Breaking Glass (1980)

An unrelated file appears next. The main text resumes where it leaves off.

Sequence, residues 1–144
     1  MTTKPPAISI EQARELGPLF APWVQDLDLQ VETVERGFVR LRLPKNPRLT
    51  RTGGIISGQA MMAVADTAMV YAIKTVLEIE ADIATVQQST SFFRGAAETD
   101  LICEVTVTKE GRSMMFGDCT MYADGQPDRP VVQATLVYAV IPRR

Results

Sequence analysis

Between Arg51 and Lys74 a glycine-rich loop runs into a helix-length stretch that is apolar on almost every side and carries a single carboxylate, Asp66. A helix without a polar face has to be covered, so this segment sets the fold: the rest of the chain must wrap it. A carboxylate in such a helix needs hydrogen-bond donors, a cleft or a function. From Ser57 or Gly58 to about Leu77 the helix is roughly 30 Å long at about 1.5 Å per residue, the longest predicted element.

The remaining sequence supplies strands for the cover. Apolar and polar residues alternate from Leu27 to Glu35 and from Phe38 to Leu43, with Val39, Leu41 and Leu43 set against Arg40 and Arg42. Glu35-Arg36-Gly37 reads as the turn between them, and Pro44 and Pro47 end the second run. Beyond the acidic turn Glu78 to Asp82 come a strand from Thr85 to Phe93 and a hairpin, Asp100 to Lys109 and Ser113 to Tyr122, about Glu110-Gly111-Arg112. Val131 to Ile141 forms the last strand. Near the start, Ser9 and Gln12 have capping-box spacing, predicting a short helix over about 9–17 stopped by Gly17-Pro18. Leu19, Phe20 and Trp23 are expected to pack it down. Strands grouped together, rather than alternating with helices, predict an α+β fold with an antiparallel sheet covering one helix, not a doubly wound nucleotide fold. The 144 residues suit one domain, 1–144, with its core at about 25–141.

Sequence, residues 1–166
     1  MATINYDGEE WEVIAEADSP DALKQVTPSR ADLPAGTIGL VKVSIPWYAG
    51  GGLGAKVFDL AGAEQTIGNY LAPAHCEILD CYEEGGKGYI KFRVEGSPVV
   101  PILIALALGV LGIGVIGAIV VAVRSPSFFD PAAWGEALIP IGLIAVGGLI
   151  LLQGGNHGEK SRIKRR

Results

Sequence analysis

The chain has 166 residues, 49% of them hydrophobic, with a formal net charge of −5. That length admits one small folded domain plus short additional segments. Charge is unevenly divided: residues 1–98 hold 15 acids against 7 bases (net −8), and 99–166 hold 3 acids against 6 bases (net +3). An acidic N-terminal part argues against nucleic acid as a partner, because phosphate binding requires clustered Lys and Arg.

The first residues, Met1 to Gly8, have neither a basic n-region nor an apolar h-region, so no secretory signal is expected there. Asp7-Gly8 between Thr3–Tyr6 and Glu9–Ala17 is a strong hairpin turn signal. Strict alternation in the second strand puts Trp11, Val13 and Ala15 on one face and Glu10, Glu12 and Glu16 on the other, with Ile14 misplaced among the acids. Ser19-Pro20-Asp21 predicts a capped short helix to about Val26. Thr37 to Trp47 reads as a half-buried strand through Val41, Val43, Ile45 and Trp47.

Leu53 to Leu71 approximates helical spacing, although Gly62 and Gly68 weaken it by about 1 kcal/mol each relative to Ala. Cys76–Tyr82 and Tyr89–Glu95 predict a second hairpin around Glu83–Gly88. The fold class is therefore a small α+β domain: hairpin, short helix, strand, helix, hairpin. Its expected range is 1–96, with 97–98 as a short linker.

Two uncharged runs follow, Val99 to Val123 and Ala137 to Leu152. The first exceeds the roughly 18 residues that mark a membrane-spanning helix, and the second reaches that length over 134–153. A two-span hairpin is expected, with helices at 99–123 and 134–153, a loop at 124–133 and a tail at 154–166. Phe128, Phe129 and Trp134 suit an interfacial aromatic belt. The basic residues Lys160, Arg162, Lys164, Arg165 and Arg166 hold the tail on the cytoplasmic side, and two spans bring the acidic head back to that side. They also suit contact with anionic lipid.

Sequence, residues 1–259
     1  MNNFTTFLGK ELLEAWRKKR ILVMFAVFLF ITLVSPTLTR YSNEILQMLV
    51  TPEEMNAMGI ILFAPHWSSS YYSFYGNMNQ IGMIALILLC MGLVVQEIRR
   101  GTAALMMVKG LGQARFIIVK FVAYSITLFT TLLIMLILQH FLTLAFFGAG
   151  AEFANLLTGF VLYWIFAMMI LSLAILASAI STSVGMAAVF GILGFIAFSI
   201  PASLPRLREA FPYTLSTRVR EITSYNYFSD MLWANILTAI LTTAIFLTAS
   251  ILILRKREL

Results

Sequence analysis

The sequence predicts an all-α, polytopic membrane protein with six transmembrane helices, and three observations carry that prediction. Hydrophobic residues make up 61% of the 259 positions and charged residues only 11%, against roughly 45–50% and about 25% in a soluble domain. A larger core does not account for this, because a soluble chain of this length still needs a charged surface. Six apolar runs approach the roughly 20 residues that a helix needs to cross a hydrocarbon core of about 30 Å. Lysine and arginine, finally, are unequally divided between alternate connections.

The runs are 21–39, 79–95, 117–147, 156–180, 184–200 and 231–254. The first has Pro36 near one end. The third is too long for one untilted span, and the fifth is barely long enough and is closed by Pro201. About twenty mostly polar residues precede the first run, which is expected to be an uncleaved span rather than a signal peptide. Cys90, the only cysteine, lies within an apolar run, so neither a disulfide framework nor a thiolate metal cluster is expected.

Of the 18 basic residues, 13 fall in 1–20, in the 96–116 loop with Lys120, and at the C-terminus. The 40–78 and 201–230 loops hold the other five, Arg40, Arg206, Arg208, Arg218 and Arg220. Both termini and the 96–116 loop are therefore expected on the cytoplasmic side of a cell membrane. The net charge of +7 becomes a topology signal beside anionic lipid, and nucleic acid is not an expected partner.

An old, old story, as told circa 1980. Breaking Glass, written and directed by Brian Gibson, follows the path of Stardust, not to mention A Star is Born and most other films about showbusiness, by following the rise of a talented young hopeful who learns that success comes with strings. Kate Crowley (Hazel O'Connor) begins as a bleached New Wave ranter, fly-posting on the tube and yelling songs about dehumanisation over fascist chants in rowdy pubs, but ends up a stoned glam zombie dressed as a robot, packaging her anger for the benefit of corporate music biz baddies and retreating to a sanatorium. The plot may be familiar, but the film still works, thanks to persuasive central performances from O'Connor, who wrote her own songs and shows real acting muscle that sadly didn't lead to anything like a film career, and Phil Daniels as her hustling manager/boyfriend/conscience. The fine supporting cast includes Jon Finch and Jonathan Pryce as a Bond villain-style record producer and a deaf junkie sax player, with glimpses of later perennials like Jim Broadbent and Richard Griffiths. Made and set at the start of the 1980s, it catches its times exactly: a 'Rock Against 1984' outdoor gig that turns into a riot, a routine police harrassment of a band rehearsal, a power cut that transforms a concert into a before-its-time 'unplugged' session. Credits trivia: the executive producer was Dodi al Fayed.

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